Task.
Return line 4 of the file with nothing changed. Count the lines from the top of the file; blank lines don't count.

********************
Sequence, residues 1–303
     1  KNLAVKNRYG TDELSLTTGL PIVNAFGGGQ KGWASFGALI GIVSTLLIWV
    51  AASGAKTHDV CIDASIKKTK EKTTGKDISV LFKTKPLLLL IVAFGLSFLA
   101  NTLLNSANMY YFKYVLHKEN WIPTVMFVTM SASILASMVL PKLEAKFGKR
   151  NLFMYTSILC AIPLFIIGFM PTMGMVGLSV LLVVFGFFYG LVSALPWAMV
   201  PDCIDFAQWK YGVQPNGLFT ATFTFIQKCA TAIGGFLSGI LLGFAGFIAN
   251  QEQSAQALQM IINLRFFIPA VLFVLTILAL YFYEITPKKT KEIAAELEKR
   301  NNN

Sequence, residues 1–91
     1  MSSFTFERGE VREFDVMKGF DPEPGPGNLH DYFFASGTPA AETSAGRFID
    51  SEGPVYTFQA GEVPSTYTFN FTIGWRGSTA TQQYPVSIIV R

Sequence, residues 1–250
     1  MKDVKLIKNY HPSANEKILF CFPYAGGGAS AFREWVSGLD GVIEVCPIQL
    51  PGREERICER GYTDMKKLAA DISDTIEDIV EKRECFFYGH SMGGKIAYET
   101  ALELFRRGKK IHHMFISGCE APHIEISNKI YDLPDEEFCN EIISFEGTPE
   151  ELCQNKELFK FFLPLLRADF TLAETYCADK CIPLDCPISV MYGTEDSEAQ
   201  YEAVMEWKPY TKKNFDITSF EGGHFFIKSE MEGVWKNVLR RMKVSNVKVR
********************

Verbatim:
   101  NTLLNSANMY YFKYVLHKEN WIPTVMFVTM SASILASMVL PKLEAKFGKR